It’s no surprise that air quality in an office can often be poor. With so many people in such a small space, dirt, dust, and other debris can really build up quickly – not to mention the added influence of any office renovations or new building construction nearby.
Poor office air quality can lead to Sick Building Syndrome, which affects employees anytime they’re inside. If workers complain about headaches, respiratory problems, coughing, or fevers while on the job, it could very well be due to an indoor air quality issue – especially if these symptoms only occur at work and clear up by the time people get home.
Indoor air in an office is a lot worse than outdoor air. Many health symptoms experienced by workers are caused by indoor air pollution, which is precisely why it’s essential to keep the air inside your commercial building clean and safe. This not only promotes comfort among your employees but also protects their health.
What is indoor air quality (IAQ)?
Indoor air quality describes how the air inside a building or facility affects a person’s health, comfort, and ability to work. It’s a major concern to businesses, employees, and rental managers because indoor air can have a huge impact on the well-being and productivity of employees.
Several studies by the U.S. Environmental Protection Agency (EPA) regarded indoor air pollution as a major problem. While most commercial buildings don’t have severe issues, even the most well-maintained buildings can have episodes of poor indoor air.
According to the EPA, poor indoor air quality can lead to productivity problems and increased absences among employees. It is estimated that all these health consequences cost the government billions of dollars each year due to medical care and productivity loss.
What causes poor indoor air quality?
Indoor air pollution is perhaps one of the most underrated health concerns in commercial and institutional buildings. And it isn’t hard to see why. Outdoor air, when heavily polluted, can be easily noticed (dark smoke, toxic smell, and bitter taste). But indoor air is different. It hides behind the cool and comforting air blown by the AC and the calming smell of air fresheners. And because people don’t see it, it’s easy to dismiss the fact that it exists.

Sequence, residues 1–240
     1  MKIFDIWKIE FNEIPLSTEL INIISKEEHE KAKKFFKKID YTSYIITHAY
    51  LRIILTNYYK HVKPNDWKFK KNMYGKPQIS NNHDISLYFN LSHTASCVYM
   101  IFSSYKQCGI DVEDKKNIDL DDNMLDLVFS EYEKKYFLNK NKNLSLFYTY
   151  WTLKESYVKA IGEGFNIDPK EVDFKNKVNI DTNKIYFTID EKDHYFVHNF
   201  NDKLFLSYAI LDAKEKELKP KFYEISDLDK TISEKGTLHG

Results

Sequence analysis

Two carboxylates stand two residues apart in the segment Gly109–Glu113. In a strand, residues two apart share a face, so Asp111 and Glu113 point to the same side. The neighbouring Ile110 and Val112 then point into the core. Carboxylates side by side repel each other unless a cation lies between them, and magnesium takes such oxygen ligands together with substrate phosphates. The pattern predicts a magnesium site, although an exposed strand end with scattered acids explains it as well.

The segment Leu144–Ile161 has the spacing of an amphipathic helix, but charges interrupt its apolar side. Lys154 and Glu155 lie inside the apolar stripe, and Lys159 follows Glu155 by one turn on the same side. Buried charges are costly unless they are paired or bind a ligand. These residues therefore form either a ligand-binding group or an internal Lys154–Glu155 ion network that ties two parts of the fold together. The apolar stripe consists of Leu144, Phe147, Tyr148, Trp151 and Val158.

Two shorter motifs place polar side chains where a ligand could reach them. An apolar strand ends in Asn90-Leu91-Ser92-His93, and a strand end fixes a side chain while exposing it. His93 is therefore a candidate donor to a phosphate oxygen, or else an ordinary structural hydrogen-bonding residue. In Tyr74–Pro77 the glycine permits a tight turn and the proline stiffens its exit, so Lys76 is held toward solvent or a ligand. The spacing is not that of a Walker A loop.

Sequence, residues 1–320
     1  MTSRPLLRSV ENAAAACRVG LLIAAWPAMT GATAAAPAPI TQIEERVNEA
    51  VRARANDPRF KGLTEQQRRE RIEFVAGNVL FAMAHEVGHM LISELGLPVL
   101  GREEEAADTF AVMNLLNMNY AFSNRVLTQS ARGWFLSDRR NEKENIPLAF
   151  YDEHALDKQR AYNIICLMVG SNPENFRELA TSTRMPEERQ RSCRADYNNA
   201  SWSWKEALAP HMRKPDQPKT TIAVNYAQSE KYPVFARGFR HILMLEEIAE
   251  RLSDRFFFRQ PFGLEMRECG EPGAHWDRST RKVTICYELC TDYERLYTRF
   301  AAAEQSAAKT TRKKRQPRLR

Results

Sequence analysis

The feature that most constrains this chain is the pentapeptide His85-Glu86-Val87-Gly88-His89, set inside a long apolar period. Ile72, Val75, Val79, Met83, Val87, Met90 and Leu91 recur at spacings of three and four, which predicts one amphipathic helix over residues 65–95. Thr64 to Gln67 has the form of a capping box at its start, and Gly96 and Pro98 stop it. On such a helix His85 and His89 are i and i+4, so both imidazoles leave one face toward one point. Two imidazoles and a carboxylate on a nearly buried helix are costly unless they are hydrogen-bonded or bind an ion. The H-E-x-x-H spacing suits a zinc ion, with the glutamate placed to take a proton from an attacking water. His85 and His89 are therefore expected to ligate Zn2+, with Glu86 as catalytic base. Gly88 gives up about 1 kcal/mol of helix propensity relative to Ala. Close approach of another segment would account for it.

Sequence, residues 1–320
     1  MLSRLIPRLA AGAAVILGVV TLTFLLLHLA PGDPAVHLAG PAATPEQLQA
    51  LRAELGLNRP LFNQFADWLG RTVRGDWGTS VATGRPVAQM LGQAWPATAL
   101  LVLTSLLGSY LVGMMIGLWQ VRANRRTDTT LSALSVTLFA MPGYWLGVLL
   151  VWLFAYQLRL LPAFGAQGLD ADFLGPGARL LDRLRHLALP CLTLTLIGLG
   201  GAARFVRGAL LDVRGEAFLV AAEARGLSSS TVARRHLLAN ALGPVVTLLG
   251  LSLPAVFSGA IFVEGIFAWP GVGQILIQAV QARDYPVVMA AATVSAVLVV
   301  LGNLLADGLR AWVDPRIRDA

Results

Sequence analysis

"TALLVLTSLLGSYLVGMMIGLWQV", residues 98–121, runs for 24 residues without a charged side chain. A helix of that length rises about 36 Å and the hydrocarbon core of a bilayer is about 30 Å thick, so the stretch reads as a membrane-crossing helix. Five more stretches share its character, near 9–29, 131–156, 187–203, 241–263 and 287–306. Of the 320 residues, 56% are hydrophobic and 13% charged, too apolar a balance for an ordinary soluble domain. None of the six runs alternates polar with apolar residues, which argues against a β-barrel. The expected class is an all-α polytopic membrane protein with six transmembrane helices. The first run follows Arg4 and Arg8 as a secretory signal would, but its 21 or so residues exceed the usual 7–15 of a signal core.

So what makes office indoor air polluted?
There are hundreds of air pollutants commonly found in homes and commercial facilities. Among the most common (and harmful) are tobacco smoke, dust, mold and mildew, chemical pollutants, and VOCs.
Even if you or your employees do not smoke inside the building, cigarette smoke can linger on the smoker’s skin and clothes. That’s why when a smoker enters the office, you could smell it right away. Cigarette smoke contains more than 4000 chemical compounds, most of which are highly toxic and detrimental to the respiratory system.
Dust and other environmental pollutants such as mites contribute to indoor air pollution. Without sufficient ventilation, these tiny pollutants can easily circulate around your office, triggering allergy symptoms in some people.
Mold and mildew
When the temperature outside drops and the indoor air is heated, condensation can form around windows, causing moisture. High moisture content in indoor air provides the perfect environment for mold and mildew to thrive. Furthermore, if you have water damage issues in the office, there’s a very high chance that mold and mildew are present too.
Building materials, office equipment; furniture, wall and floor coverings, upholstery, and virtually every commercially manufactured item in your workplace emit chemical pollutants. They include polybrominated biphenyl (PBB), polychlorinated biphenyl (PCB), polyurethane, formaldehyde, and VOCs.
How do you detect possible indoor air quality issues in the office?
It can be difficult to determine the causes of indoor air pollution, especially in commercial facilities. Often, facility managers will only notice it when people start experiencing symptoms triggered by IAQ.
The approaches taken to detect possible indoor air quality issues vary among organizations, but they normally include the following steps:
- Inspection of the ventilation system to see if a sufficient amount of outdoor air is taken in and properly distributed throughout the area and if the filtration systems are working.
- Ruling out possible triggers of symptoms such as thermal comfort, noise, ergonomics, poor lighting, etc.
- Testing for the presence of air pollutants (mold, asbestos, carbon monoxide, other chemicals, and toxic gases). This can be done using air testing kits. Samples are then submitted to the lab for analysis.
How do you Improve your office Indoor Air Quality?
Luckily, there are ways to improve air quality and keep employees happy and healthy in any office environment. At the very least, try the following ideas from ServiceMaster Clean Contract Services to lower the chances of your staff getting sick and to improve office air quality overall:
Keep your workplace clean